The Face of Homelessness Kings Road II

demo FACE OF HOMELESSNESS homeless london oil oil base pencil oil on board people portraits The Anders Zorn Palette `sketches

 To start off this post, I  have some good news I can't keep to myself, even though I'm going to do a separate post on this later, but I'm pleased to announce that I was elected an Associate Member of the Royal Institute of Oil Painters!!  It was an early Christmas present-as I got a phone call from The President on Sunday the 23rd of December, last year (I just had to chip this in)....;0) and received a confirmation letter this week from the Secretary!

The Face of Homelessness Kings Road II, Oil on Board, 2012

I'm continuing this year with my project on the Face of Homelessness Series that I started last year. I still have a few more to post. In these pieces, I normally show my painting process and this particular painting has a slightly different approach. I am used to painting  with the "inside-out" method, in which I just start from a particular point inside the painting and then spread out. But in this painting, I adopted the "outside-in" method, I have started from the outside areas and then I have finished off, inside. This method is a more Traditional way of approaching Oil painting. In which one starts with Lean colour (Oil colour  mixed with more mineral spirits or turps and less Linseed Oil) and then gradually finishing off with Fat colour(Oil Colour mixed with more Linseed Oil or just pure Oil Colour straight from the Tube and less Turps or mineral spirits).

Richard with the Sketch I did of him, in Oil Base Pencil

I have painted this guy before, click HERE to see. This is my second attempt. Above, is a picture of Richard with the sketch I did in Oil Base Pencil.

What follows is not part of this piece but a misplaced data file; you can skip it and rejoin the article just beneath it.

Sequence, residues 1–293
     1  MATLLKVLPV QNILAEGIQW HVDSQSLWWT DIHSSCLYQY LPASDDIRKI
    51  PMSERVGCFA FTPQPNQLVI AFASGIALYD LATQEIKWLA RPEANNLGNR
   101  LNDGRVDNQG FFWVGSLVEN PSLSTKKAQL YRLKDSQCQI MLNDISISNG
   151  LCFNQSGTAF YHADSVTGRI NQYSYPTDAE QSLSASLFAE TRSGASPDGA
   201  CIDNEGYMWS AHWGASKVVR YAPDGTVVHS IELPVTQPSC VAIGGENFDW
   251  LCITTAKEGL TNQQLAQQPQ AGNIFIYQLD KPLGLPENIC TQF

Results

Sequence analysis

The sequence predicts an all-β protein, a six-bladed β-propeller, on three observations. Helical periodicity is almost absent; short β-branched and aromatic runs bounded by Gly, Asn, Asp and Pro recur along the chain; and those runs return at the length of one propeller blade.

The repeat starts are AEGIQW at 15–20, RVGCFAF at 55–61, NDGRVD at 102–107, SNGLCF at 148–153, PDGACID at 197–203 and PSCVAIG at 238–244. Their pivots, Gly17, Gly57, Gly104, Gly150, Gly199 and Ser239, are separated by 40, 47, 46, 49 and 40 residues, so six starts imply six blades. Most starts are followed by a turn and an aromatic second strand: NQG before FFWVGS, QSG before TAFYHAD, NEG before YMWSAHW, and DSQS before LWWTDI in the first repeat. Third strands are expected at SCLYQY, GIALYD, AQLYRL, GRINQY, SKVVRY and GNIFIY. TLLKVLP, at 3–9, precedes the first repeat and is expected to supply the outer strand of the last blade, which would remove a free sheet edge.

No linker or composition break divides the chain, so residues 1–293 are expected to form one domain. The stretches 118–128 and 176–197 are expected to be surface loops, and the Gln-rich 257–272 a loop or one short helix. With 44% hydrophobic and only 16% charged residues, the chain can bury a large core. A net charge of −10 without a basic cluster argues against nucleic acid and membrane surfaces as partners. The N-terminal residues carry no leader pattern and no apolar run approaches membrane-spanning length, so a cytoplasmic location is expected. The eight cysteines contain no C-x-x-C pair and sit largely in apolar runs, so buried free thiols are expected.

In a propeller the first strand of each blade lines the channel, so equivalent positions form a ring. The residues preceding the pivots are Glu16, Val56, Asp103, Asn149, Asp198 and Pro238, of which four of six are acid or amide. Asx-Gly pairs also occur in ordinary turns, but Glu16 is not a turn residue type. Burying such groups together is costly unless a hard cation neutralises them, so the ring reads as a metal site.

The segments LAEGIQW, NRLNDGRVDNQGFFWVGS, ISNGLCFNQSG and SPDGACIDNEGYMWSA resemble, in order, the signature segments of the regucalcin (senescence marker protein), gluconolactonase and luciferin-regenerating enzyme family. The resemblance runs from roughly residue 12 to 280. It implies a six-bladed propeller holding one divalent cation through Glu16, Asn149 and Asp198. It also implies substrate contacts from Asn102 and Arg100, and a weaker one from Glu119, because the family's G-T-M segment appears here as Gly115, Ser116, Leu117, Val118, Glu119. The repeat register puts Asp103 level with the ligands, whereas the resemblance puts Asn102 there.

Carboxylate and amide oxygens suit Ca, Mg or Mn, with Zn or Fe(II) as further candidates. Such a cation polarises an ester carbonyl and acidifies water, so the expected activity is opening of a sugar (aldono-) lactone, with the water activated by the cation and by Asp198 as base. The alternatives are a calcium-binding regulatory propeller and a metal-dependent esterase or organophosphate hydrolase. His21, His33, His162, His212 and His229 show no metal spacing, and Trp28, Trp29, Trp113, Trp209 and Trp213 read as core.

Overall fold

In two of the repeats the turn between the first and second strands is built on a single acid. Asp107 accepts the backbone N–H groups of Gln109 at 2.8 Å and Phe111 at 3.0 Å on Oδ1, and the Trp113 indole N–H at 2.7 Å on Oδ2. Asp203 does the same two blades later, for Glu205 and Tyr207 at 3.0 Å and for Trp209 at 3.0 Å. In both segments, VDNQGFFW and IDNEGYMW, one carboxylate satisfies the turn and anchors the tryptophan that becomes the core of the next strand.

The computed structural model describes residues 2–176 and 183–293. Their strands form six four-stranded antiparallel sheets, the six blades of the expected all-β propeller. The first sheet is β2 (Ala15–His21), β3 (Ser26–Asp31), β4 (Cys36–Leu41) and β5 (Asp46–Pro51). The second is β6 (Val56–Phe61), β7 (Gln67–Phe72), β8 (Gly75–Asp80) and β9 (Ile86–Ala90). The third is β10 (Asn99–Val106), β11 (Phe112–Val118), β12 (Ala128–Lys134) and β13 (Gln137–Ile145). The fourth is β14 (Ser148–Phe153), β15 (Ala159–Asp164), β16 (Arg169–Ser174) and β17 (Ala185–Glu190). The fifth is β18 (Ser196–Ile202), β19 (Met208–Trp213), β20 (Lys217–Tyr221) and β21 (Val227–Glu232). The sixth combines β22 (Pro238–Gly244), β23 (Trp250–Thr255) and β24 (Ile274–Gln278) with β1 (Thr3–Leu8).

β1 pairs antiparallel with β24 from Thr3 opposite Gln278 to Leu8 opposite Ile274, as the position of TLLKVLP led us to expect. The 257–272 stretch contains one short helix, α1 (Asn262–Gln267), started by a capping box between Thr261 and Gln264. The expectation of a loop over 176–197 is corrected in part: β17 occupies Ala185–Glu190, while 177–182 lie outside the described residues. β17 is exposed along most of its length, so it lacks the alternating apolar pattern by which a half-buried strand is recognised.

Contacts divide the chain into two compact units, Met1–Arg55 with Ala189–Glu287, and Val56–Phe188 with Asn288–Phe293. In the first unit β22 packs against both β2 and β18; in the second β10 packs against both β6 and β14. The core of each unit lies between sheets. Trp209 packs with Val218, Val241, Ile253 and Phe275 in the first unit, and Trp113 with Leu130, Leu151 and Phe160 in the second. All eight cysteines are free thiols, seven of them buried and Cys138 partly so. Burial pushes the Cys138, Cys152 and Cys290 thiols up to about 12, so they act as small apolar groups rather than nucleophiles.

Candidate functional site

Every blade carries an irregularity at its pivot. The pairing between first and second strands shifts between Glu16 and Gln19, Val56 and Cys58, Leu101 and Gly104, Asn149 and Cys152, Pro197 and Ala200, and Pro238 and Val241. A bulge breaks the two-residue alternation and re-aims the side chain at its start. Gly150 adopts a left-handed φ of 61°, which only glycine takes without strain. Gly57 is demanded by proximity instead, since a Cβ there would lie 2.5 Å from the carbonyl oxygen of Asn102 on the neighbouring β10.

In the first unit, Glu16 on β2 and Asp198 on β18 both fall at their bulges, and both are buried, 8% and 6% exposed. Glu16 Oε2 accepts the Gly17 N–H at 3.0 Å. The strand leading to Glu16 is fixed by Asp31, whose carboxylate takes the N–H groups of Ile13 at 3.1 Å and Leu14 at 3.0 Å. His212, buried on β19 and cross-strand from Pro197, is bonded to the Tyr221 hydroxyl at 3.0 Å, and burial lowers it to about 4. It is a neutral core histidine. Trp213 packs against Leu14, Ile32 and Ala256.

Stage 1-without any definite drawing, I go straight into this head with  paint and turps, the paint is almost watercolour like. The ability to sketch freely helps here, as all the proportions and measurements are quickly assumed while painting.  I start with light values and increase them as I go along. This method reveals a lot about the versatility of oil. If I wasn't planning to take this further, I would have loved to just stop here! I love the bleeding and dripping and lean oil application. Everything is attacked. In other words, the full painting is seen almost right from the start. It's a good method to use but I really enjoy painting shape by shape more, as it makes me full of anticipation of how it will all come out to be. 

Stage 2- this is the stage where I switch from lean to fat. you can see the difference in application around the eye and cheek areas. I already have a base to work on, so it's easier to pull the strokes on the solid underpainting done below.

Stage 3-Here I attack his hair, it's the most precious part of the painting. His hair is what drew me to him in the first place and I really pound on pure oil with vigorous strokes here. Each stroke is placed with keen observation and also with a flair of emotion, I always like the interesting parts, like his hair, to tell a story. So, I forget I'm painting hair and just feel I'm painting rugged branches on an old tree. It takes me away from thinking normal!
Stage 4-With the hair completed, I take on a bit of the background with  strokes to echo  a bit of the texture in his hair.  I could have stopped here too, but I couldn't resist working on his beard with thick colour too!
Stage 5- Finally I complete the background with some words and calligraphy  embedded into the  background . These words are positive words to overcome homelessness. Lest I forget. The whole painting was done with the Zorn Palette-(Titanium White, Yellow Orche, Cadmium Red and Ivory Black)

This is a picture of the painting in progress with the palette and  mixtures.
"You get motivated by doing things, not thinking about them. Action gets you excited and action reveals opportunity. Take the plunge".- Andrew Matthews

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